Autumn Statement Analysis: All on Black

3 December 2014, Blog

The Chancellor has put all his chips on Black. “Out of the red and into the black” he said, well by 2019 at least.

If you cast your mind back to 2010 the Chancellor of the Exchequer, George Osborne, cast a very different shadow. More hair and more Chancellor all round, he had a nervous cough, a glass of water, and a budget full of bad news.

Not today. A 5.2 diet and a confidence boost he addressed the Labour benches opposite as a man vindicated. This will have come as a surprise to many Westminster watchers who might have expected he was in for a rough ride, given many of the deficit indications that were being forecast in the run up to today’s Autumn Statement were ‘less than good.’

Instead he was able to confirm that the Office of Budget Responsibility (OBR) figures were largely in line with the Government’s own, i.e. the deficit was continuing to fall with a budget surplus by 2019. In fact he was able to say that the OBR predicted a larger surplus than the Government had originally expected. To put it in context, borrowing was forecast to be £91.3bn this year, down from the £97.5bn some had predicted; then it will be £75bn, then £40.9bn, then £14.5bn, culminating in 2019-20 with a £23bn surplus (rather than the 4bn George had predicted).

Mr Osborne rightly pointed out that the “public will want to know” why the figures were better than “many had predicted.” A reasonable question since it was becoming increasingly clear that the Government was not pulling in the tax receipts its economic plans had been based on, not to mention the Coalition has lifted many people out of paying tax altogether.

The answer, according to Mr Osborne, was that the forecast figures had not properly accounted for reductions in welfare spending. Half a million more people were in work this year, he crowed. Those claiming unemployment benefit fell by 24% he added, and 85% of new jobs were full time.

In summary, George Osborne was able to say that though the timetable may have slipped somewhat since 2010, the trajectory was reduced spending, reduced borrowing, and reduced deficit – with more jobs than ever as a bonus.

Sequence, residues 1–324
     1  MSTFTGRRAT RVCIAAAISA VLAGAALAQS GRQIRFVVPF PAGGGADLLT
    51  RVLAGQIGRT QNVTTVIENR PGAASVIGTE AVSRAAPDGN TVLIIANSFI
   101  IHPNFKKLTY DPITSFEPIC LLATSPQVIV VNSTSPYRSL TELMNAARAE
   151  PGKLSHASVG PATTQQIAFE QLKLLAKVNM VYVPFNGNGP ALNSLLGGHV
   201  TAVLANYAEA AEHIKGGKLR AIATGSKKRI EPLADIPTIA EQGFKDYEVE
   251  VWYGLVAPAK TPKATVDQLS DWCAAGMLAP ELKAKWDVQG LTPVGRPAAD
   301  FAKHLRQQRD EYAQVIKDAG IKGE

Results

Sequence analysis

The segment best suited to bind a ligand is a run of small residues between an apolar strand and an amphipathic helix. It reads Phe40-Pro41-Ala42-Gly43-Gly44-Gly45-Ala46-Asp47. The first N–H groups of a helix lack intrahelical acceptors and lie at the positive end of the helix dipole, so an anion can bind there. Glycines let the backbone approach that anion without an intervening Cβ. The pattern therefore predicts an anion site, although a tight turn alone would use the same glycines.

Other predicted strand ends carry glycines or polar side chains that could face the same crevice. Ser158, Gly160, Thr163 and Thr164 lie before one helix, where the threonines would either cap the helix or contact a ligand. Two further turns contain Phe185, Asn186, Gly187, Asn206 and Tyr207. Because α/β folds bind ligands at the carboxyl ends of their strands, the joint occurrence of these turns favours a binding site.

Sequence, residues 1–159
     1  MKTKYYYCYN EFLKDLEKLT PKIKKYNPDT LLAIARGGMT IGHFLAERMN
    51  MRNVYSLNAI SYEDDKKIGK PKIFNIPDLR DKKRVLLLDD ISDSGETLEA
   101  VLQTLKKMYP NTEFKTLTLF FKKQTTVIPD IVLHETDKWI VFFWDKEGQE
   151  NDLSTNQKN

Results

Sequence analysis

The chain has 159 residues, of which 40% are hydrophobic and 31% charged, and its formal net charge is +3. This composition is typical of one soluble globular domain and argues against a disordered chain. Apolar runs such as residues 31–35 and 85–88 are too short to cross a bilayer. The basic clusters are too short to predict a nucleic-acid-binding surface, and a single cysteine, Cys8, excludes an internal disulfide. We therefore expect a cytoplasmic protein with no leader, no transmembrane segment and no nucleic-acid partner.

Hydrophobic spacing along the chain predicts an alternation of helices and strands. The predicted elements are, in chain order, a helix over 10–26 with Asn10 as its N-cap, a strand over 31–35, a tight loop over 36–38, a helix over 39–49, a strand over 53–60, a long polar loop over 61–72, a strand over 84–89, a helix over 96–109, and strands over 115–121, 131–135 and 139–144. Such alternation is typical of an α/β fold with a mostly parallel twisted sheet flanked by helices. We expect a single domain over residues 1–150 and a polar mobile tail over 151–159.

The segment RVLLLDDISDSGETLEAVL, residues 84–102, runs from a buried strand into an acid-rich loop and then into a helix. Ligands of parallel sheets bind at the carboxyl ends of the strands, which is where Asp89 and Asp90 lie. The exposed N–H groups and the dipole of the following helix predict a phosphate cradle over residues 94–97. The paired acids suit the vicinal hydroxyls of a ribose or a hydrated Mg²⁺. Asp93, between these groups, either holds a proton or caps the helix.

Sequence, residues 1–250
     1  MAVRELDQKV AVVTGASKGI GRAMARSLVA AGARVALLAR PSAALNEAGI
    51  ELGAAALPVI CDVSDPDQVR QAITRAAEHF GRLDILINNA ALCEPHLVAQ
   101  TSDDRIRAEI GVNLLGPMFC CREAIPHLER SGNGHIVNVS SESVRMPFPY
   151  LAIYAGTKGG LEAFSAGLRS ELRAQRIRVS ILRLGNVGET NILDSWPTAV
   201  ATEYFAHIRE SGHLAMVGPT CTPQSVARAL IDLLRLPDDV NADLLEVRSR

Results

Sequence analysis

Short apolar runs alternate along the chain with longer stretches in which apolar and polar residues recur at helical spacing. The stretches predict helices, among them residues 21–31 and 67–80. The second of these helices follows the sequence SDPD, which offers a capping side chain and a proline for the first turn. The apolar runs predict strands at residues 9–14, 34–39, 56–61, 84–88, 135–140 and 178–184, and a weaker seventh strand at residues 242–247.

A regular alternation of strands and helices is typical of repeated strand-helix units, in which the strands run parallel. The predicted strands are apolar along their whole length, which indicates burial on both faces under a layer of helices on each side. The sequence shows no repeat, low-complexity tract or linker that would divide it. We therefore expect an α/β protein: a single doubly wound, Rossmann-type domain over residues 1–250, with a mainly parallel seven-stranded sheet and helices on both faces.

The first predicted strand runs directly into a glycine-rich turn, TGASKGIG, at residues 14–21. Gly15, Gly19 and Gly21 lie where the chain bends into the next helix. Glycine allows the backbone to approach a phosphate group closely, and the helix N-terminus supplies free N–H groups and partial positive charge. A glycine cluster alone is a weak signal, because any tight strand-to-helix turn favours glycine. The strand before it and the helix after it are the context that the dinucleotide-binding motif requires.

However where he came unstuck was growth. Government predictions were slightly more ambitious than the OBR’s it would seem:

  • Growth in 2016 down to 2.2%, from 2.6%.
  • Growth in 2017 down to 2.4%, from 2.6%
  • And growth in 2018 down to 2.3%, from 2.5%

This figures will, at least to some extent, be as a result of a stagnating Eurozone and lacklustre exports. Ed Balls was quick to point out in his rebuttal that the UK was 22 out of 28 EU countries in terms of exports.

In what was nearly a budget’s worth of measures the Chancellor announced a few election focussed ‘goodies.’ Many, if not most, had been pre-run in the past few days – namely 2bn more to NHS spending, no air duty for children, a further fuel duty freeze, etc.

What was new was another piece of ‘banker bashing’ meaning banks will no longer able to offset profits against losses made during the financial crisis – a 4bn bonus for the Treasury over the next 5 years; 1.2bn for GPs services; tax breaks for orchestras and children’s TV; possible devolved corporation tax rates for Northern Ireland and devolved business rates for Wales; and of course a further raising of the personal tax allowance to £10,600.

Today’s sugar pill came in the form of Stamp duty. Given the current housing market in the southeast, the new rates will come as welcome news to first time buyers (0% on properties up to £125,000); and the new top rate will go some way in ‘shooting Labour’s fox’ in terms of the “Mansion Tax” with 12% to be paid on properties worth £1,500,000 or more.

Simply put, the Chancellor managed to turn what could have been a very difficult day in terms of deficit reduction into a mini-election budget. Will his message of steady as she goes cut through to the voters though?

JBP Staff Member

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